Being the Chair of Business and Professional Women’s Foundation where fundraising is key to successful programming, I find this to be an interesting read…
Why I Think Nonprofits Should Act More Like Businesses
How would you react if you knew someone was getting wealthy in charity? How would you feel if you saw your favorite charity run a $3 million ad on the Superbowl using charitable donations to fund it? What would you think if a charity lost a million dollars on a brand new fundraising idea that flopped? Lastly, what if you learned that a charity had just paid an investor a 100 percent return on a loan?
These are the kinds of scenarios that make our blood boil with rage and the kinds of practices that give charities a bad name, right?
But what if we’re wrong about all of it? What if the things that send us into a rage are actually the things it would take to end humanity’s most vexing and extreme forms of suffering? And what if you are only being given half of the story?
These are the issues that have consumed me for the last 15 years and that were the subject of my closing talk at the 2013 TED conference.
Ask yourself how you would feel if you were given the whole story.
Suppose that the person getting wealthy in charity was worth it. Imagine, for example, that the Boys & Girls Clubs hires a leader that triples revenues in 8 years from half a billion annually to $1.5 billion annually. This allows the clubs to double the number of kids served. She gets a total compensation package of about $1 million annually. This is not a fairy tale. It really happened. And the Boys & Girls Clubs were criticized for it. Is $1 million not a cheap price to pay for $1 billion in new revenues and double the kids served? Would we rather they hire a leader for a more modest $150,000 who is incapable of increasing revenues and serving more kids? Save $850,000 in salary expense and lose a billion dollars a year in revenue?
And what if the $3 million Super Bowl ad brings in $6 million in new revenues in just the first showing, and another $6 million in gifts over time from new donors who repeat their gifts? The charity would have turned each original donor’s dollar into four dollars.
What if the $1 million lost on a charity fundraiser that flopped taught the charity something they never knew that allowed them to create a new fundraiser that raised many millions, in the way, say, a cancer researcher’s big failure points them to their next big breakthrough? That would mean the donors that funded the “loss” were actually funding an investment in learning that reaped millions.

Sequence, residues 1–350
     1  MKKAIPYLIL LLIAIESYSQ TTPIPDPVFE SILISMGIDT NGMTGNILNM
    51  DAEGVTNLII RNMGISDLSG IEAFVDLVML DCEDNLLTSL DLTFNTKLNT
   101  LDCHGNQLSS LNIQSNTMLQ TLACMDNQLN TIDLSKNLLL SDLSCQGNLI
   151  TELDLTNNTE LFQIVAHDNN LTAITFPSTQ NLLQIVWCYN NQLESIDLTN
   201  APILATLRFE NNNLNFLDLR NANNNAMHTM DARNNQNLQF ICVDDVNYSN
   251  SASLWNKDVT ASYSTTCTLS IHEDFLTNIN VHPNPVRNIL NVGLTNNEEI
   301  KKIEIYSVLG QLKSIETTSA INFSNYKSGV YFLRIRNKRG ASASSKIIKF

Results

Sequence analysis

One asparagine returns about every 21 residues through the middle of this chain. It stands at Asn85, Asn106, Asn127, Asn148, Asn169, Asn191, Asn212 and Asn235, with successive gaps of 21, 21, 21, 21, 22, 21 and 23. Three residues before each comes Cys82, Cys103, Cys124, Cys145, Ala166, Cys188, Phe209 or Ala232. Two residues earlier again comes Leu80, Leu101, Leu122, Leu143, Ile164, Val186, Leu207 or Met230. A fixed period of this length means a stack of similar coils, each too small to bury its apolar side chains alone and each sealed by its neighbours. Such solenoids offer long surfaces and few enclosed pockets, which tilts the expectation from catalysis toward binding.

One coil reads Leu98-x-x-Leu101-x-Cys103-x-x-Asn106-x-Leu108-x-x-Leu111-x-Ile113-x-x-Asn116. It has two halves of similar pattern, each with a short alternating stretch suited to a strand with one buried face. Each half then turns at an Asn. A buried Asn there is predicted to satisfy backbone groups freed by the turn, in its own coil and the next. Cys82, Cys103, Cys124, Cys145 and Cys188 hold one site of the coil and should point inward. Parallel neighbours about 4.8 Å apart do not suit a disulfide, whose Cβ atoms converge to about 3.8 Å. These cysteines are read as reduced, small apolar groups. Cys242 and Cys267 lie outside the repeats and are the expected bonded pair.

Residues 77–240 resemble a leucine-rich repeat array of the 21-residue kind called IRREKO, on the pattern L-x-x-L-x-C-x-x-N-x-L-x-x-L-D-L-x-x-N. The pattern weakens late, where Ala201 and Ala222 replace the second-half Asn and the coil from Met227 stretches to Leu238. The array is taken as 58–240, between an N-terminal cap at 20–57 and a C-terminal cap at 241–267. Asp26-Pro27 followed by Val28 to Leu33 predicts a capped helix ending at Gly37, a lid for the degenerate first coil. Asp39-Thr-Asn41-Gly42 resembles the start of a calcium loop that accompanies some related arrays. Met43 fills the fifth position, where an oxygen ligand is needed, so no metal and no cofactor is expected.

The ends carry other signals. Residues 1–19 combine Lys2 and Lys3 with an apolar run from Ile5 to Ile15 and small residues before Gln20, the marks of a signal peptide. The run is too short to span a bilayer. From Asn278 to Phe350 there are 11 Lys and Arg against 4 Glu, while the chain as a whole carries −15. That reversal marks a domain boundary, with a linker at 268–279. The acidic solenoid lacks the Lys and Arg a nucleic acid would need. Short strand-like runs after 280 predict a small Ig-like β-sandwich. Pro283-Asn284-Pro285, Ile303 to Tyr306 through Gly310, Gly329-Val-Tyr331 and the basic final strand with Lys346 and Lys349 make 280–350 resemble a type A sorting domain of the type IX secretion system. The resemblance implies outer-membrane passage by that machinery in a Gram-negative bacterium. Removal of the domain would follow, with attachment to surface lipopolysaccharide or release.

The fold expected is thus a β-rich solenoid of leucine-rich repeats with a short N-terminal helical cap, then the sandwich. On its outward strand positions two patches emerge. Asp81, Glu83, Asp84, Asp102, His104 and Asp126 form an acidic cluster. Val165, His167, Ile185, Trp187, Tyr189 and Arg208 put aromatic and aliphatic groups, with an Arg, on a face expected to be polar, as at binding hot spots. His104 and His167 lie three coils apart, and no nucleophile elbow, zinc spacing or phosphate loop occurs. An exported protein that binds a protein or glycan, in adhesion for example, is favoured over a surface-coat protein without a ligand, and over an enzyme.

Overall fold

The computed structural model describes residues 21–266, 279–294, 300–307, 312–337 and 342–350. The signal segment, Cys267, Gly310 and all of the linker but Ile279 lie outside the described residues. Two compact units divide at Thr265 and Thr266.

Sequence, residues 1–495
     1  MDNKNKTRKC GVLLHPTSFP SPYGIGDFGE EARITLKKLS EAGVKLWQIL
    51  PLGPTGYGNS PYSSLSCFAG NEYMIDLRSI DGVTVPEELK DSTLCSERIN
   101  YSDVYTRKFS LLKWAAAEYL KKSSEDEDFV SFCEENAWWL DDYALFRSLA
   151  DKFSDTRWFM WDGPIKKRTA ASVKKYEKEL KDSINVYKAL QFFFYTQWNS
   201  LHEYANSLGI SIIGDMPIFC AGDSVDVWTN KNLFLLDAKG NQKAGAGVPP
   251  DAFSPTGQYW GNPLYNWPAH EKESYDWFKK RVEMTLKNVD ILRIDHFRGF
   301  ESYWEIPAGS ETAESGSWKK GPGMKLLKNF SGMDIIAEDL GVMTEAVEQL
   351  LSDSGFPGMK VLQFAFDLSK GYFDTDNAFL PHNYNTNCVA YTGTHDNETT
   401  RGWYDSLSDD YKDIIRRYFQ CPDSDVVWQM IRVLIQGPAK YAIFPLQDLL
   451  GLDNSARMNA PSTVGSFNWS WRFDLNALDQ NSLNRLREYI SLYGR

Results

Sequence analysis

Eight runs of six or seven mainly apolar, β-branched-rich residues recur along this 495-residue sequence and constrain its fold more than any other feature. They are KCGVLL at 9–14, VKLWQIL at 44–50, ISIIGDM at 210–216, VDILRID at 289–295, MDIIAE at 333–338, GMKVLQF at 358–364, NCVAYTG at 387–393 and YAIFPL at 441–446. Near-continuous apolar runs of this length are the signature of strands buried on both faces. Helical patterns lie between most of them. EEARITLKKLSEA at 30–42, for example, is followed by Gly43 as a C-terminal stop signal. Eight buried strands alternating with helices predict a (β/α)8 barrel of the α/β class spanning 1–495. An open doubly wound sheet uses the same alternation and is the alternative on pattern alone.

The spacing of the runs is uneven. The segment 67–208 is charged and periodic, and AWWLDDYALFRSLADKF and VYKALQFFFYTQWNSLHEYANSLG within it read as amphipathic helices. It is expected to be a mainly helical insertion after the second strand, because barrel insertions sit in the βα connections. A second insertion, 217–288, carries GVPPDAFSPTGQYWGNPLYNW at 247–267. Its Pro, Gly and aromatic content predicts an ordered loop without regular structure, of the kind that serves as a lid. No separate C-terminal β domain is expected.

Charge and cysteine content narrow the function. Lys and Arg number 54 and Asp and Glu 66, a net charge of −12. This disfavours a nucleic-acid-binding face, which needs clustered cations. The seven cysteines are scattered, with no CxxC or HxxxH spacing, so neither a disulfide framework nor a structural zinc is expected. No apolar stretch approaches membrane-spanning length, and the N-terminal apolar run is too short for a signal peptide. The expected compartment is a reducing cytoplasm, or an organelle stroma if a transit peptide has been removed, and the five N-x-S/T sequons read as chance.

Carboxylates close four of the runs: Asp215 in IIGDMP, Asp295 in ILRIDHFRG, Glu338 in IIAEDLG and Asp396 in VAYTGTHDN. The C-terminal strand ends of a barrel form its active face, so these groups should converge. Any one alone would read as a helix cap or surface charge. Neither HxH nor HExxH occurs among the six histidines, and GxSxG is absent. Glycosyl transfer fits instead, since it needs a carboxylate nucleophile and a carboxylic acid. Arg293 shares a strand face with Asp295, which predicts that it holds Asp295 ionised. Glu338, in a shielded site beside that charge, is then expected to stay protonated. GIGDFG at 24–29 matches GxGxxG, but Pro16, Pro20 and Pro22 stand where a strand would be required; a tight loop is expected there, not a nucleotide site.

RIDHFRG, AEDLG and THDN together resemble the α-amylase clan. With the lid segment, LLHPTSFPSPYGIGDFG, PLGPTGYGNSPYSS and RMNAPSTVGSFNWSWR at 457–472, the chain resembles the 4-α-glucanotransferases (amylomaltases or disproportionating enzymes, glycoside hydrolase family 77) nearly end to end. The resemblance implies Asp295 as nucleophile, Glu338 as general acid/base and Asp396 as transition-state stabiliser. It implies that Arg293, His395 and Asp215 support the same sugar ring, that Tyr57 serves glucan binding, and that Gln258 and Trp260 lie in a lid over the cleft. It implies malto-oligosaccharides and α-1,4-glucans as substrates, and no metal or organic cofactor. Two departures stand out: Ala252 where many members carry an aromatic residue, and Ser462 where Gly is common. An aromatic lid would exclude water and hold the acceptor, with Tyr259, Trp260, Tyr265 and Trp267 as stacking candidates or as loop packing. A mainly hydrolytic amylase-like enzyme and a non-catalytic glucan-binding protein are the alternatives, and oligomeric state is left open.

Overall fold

Could it be that everything we’ve been taught about charity, and about giving, and about change is backwards?— Dan Pallotta
And as for the investor getting a 100 percent return on a loan, what if the loan was to finance a brand new, risky fundraising event idea — a new triathlon for the cause, for example. The charity needs a million to cover the upfront costs to launch it. But it’s risky. It could fail. There’s no data on it. It’s never been done before. No bank will touch it. So an investor comes along and says I will put up the million, but I want $2 million back if it succeeds, to compensate me for the potential risk of the loss of my money. The charity agrees. The event is a huge success, netting $10 million in the first year. The investor gets $2 million, leaving $8 million for the cause — a figure that would have been zero without the investor. Because the concept is now proven, banks are willing to finance the event in future years at much lower interest. The event nets $8 million a year for ten years — $80 million total, all for the tiny cost of $1 million paid to the original investor.
None of these are fantasy. I’ve seen versions of these examples manifest in the real world, many times.
When you hear the whole story, suddenly it seems unconscionable not to do the things we’ve all been taught it would be unconscionable to do.
Could it be that everything we’ve been taught about charity, and about giving, and about change is backwards? That when we show people only the means, without revealing the ends, we mislead them? Is it possible that in the name of an ethic we are actually prolonging the suffering of millions of adults and children the world over? Do we really think it is of some comfort to a mother who has just lost her little boy to bird flu that at least no one made a profit in the failed effort to save her son?
We allow the for-profit sector to feast on the tools of capitalism, while we deny those tools to the nonprofit sector, and all in the name of charity, no less. Real charity, as in grace, could not be undermined with more reverence paid to the notion of something noble. It is perhaps the greatest injustice ever perpetrated against all those citizens of humanity most desperately in need of our aid. But it is an injustice about which we have been largely unconscious. If we take responsibility for the thinking that has been handed down to us, revisit it, and revise it, we could change our whole approach to changing the world. And then things could really begin to change.
It is a staggering question — what if everything we’ve been taught about charity is dead wrong?